Adrien Niyonshuti (Quatre jours de Dunkerque, 2014)
|Full name||Adrien Niyonshuti|
2 January 1987 |
Eastern Province, Rwanda
|Height||1.73 m (5 ft 8 in)|
|Weight||68 kg (150 lb; 10.7 st)|
|Tour of Rwanda (2006, 2008)|
|Infobox last updated on
1 February 2014
Adrien Niyonshuti (born 2 January 1987 in Eastern Province, Rwanda) is a professional bicycle racer for South African UCI Continental team MTN-Qhubeka. Although he survived, six of Niyonshuti's brothers were killed in the Rwandan Genocide of 1994. Niyonshuti began riding a bicycle given to him by his uncle as a teenager, when he came to the attention of former professional cyclist Jonathan Boyer in 2006 during the first Wooden Bike Classic. After riding for the Rwanda national cycling team, Niyonshuti secured a professional contract with Team MTN Cycling, beginning in the 2009 professional season.
Niyonshuti began amateur cycling at the age of 16 in his native Rwanda. In 2006, he came to the attention of a former professional cyclist, Jonathan Boyer. The first American cyclist to compete in the Tour de France, Boyer was working in Rwanda on a project to import cargo bicycles for coffee farmers. Boyer also assumed the role of coach for the Rwandan national cycling team, and recruited Niyonshuti to race. Niyonshuti had good initial results in local races such as the Tour of Rwanda, in which he finished in the top ten five years in a row and won in 2006 and 2008.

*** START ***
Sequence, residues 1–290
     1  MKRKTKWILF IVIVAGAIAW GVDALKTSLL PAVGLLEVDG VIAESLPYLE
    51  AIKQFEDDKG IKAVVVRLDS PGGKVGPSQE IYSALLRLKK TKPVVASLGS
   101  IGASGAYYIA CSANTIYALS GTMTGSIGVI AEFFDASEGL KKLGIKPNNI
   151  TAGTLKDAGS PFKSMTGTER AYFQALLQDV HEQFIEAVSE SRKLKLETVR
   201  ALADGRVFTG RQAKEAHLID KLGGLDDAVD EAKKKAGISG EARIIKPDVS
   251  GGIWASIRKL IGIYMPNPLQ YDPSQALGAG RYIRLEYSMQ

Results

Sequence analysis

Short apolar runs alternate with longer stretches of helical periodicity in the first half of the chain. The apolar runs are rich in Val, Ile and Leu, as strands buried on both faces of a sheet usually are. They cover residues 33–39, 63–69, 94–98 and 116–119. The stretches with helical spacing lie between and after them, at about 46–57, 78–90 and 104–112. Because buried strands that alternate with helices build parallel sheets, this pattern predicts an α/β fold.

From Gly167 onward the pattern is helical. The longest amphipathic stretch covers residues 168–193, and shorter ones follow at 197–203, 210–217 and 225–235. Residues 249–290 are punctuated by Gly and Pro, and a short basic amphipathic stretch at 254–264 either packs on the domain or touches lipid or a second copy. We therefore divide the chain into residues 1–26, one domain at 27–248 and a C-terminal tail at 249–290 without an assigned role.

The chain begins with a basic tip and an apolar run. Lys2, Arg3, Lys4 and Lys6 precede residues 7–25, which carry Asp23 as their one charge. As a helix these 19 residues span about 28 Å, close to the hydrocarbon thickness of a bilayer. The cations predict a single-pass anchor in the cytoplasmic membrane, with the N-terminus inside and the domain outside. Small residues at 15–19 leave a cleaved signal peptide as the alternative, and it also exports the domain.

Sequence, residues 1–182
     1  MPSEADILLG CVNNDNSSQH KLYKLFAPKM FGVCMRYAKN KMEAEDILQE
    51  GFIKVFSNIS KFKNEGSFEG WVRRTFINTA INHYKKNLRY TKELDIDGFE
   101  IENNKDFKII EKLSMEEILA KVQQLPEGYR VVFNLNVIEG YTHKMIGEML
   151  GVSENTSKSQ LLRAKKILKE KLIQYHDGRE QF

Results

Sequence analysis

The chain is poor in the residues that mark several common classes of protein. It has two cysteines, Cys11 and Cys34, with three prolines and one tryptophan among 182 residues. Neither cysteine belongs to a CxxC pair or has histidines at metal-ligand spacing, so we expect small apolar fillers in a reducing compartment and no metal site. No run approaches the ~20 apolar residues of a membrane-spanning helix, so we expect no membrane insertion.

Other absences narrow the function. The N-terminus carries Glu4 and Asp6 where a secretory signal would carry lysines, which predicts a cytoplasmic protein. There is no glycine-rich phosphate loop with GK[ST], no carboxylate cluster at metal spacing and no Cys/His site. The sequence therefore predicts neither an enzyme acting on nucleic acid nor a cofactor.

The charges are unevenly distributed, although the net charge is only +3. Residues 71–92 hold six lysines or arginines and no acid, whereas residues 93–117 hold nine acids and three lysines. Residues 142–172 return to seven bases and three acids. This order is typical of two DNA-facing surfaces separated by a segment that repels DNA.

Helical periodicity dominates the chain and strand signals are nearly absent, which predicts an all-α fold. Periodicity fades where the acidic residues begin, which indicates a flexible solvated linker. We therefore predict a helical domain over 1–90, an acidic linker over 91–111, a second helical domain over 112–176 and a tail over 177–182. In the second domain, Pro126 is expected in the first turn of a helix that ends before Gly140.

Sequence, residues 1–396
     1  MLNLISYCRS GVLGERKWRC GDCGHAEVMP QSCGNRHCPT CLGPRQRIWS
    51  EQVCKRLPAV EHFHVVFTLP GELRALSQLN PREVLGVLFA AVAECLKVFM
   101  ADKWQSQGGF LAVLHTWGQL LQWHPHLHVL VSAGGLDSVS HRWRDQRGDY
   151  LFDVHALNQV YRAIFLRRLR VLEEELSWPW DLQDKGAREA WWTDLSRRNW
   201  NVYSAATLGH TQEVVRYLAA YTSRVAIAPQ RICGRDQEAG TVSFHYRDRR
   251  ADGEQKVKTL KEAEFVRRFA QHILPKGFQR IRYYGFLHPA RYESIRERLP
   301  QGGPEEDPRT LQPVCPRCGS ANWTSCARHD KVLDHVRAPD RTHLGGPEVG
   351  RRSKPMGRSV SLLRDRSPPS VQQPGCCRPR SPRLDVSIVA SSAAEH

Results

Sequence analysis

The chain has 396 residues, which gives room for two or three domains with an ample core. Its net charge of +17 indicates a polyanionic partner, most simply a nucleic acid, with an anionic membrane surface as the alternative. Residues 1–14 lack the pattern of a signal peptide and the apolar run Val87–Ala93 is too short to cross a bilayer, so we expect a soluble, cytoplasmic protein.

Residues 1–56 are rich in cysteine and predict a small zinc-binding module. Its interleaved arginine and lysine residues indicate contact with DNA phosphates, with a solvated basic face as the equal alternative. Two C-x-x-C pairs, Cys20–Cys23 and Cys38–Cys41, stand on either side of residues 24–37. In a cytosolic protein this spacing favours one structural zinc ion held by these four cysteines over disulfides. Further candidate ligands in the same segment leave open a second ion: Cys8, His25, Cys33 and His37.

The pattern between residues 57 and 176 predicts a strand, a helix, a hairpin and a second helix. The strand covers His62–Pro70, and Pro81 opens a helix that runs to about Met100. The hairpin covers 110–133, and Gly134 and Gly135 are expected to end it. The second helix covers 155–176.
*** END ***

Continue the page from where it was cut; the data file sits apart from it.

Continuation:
In 2008, Niyonshuti attended the Africa Continental Centre Training Camp in South Africa, where he was offered a contract by Douglas Ryder, the directeur sportif of UCI Continental Team MTN Energade. He started his first UCI European road race in August 2009 with his participation in the 2009 Tour of Ireland, becoming the first Rwandan cyclist to ride in the European professional peloton. Niyonshuti qualified to represent Rwanda in the cross-country mountain bike race during the 2012 Summer Olympics in London.
The Adrien Niyonshuti Cycling Academy
After the 2012 London Olympic Games Niyonshuti immediately felt he wanted to offer the chance for young people in his country to experience the power of cycling, to install hope and to pass on its positive values to future generations.
The Adrien Niyonshuti Cycling Academy idea was born and the first location chosen was his home town of Rwamagana. Along with support from the Rwandan Cycling Federation, Team Rwanda and the Rising from Ashes Foundation the academy was officially launched in the August 2013.
The initial 2014 program will focus on building the Academy in Rwamagana with a view to opening up two new Rwandan centres in 2015. The presence of a professional team documenting and continuously assessing performance via tangible results the Academy will have gained the tools and experience to expand outside the borders of Rwanda.
- Team Rwanda (2009). "Adrien Niyonshuti". Retrieved 22 August 2009.
- Ryder Cycling (2009). "Adrien Niyonshuti". Retrieved 22 August 2009.
- "MTN Qhubeka (MTN) - RSA". UCI Continental Circuits. Union Cycliste Internationale. Retrieved 1 February 2014.
- Delany, Ben (2009). "Rwandan rider Niyonshuti faces a new future at the Tour of Ireland". Velonews. 20 August 2009.
- The New Times (2008). "Niyonshuti bags Frw 0.7m". Retrieved 22 August 2009.
- "Genocide survivor Niyonshuti to make Olympic debut". The Times Of India. Retrieved 10 August 2012.
- "The Adrien Niyonshuti Cycling Academy". Retrieved 7 January 2014.
- The Cycling Website (2008). "Adrien Niyonshuti wins the Tour de Rwanda 2008". 25 August 2008.
- Land of Second Chances: The Impossible Rise of Rwanda's Cycling Team
- Ryder Cycling Profile: Adrien Niyonshuti
- The Adrien Niyonshuti Cycling Academy